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Climate Activities


We are thrilled to have partnered with the Prairie Climate Centre to bring you engaging activities that promote wellness for the Earth through sustainability. Together, we have created a series of activities to connect you and your children with nature while fostering a deeper understanding of climate issues. Through these activities, explore ways of leading a more sustainable life!


Wellness for the Earth Activities

Sustainability is making sure we have what we need, while making sure that our choices and actions allow people in the future to have what they need too. The three pillars of sustainability are: the environmental pillar (our earth and the plants and animals living on it), the social pillar (the people around us like our family, friends, and neighbours), and the economic pillar (having enough money and knowing how to spend it). When we aim for sustainability, we help ourselves, and help others and the environment at the same time. Learning about sustainability, and how to be sustainable allows us to learn about, respect, and help the things and people around us.

Reference: Spearman, Mindy. “Teaching Young Learners about Sustainability.” Childhood Education., vol. 88, no. 6, 2012, pp. 354–59.


Indigenous Wellness for the Earth

Pimachihowin and Aki in the Indigenous languages Cree and Anishinaabemowin, are words that explain life and the things around us, reminding us that we and the land are interconnected. In the Cree language the word "Pimachihowin" means life, survival, intentional action, or all beings that that are part of life; this includes people, animals, spirits, nature, artifacts, instruments and tools. While in Anishinaabemowin, "Pimachiowin" means the good life and "Aki" means the land and all its inhabitants, when these words are put together "Pimachiowin Aki" means the land that gives. These words in both Cree and Anishinaabemowin explain that the land we live on needs to be respected and cared for because the land provides for us.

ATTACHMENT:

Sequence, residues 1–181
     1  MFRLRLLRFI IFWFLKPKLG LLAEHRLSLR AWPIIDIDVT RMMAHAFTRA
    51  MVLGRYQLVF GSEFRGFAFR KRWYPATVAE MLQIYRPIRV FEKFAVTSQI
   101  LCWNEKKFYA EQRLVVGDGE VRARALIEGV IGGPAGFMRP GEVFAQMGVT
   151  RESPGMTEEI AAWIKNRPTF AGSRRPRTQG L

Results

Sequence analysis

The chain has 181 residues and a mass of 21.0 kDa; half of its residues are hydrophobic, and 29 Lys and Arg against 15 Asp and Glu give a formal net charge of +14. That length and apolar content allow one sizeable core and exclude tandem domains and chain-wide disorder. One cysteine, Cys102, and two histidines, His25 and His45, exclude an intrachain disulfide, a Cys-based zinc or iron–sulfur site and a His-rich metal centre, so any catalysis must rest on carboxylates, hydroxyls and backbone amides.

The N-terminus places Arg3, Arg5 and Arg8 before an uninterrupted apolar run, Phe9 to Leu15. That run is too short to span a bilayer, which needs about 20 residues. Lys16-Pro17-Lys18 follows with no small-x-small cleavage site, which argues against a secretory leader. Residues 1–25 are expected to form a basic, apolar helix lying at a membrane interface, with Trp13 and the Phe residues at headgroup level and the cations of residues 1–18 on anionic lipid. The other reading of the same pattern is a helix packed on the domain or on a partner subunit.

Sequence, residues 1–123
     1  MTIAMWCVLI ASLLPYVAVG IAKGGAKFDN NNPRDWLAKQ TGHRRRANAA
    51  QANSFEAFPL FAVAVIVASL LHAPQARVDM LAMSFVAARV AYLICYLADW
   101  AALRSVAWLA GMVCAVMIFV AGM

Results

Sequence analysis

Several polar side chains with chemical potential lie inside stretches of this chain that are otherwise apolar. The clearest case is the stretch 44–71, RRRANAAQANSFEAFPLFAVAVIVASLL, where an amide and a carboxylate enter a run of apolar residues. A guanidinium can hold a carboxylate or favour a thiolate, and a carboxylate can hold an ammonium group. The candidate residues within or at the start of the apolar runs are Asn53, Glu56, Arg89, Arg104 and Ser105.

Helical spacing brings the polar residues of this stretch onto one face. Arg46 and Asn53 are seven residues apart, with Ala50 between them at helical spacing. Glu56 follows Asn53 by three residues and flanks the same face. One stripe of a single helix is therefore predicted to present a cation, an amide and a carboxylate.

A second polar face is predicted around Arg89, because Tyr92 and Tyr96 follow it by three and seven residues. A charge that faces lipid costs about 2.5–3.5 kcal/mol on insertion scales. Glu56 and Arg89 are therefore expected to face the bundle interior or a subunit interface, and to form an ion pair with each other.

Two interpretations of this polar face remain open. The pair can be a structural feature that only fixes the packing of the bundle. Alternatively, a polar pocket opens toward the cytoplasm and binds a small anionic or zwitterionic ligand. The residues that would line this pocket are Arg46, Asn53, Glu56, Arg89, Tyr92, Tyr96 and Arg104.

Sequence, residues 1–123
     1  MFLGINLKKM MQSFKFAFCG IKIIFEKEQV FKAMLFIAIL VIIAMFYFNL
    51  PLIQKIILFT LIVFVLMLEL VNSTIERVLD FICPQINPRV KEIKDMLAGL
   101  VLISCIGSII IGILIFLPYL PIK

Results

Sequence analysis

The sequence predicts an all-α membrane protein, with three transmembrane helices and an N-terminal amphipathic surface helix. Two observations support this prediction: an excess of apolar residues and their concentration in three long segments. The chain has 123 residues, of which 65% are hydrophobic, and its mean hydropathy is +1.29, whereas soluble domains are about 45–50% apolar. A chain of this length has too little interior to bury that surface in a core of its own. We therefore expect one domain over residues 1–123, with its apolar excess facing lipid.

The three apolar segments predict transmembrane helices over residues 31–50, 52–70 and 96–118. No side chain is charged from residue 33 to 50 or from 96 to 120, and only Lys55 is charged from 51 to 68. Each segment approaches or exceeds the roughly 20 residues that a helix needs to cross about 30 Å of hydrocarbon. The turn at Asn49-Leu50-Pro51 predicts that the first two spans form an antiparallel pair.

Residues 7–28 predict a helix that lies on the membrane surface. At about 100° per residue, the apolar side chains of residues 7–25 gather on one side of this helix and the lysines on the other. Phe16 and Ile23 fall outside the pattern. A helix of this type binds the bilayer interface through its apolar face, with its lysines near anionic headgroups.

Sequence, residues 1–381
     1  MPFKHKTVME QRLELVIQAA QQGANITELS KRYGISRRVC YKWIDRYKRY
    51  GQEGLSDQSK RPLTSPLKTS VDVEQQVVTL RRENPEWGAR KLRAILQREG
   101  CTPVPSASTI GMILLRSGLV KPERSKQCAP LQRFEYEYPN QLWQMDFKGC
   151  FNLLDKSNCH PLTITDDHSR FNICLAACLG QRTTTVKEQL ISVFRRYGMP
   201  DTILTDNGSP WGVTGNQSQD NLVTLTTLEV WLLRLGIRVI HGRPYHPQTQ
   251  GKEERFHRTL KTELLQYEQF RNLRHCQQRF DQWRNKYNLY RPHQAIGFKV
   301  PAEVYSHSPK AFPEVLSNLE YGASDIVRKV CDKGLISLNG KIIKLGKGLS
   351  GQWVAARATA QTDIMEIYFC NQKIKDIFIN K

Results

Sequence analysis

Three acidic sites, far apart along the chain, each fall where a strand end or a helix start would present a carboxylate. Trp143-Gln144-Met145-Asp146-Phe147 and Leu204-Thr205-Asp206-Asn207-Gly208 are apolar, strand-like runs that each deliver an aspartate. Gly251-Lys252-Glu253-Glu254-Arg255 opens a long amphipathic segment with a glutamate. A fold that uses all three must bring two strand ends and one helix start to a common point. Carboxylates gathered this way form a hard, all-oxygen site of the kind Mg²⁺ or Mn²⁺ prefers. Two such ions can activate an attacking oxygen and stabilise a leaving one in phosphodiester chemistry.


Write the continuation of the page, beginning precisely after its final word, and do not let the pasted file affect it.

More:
References:Goulet, L. M. & Goulet, K. N. (2014). Teaching each other: Nehinuw concepts & Indigenous pedagogies. Vancouver, BC, Canada: UBC Press. Heritage Matters E-Magazine. (n.d.) Heritage Matters - Pimachiowin Aki - Canada’s Newest World Heritage Site. Heritage Matters.



Messy Play is A-Okay

Tracking Food Waste

Thrifty Thinking 

My Favourite Things

A Long, Long Time Ago

Can You Find the Way? 

(W6.4) Healthy Body, Healthy Mind.PNG

Touch the World Around You 

Smell and Taste the World Around You 

Hear the World Around You 

See the World Around You


Here are two resources that can be used individually or accompanied by the climate activties!

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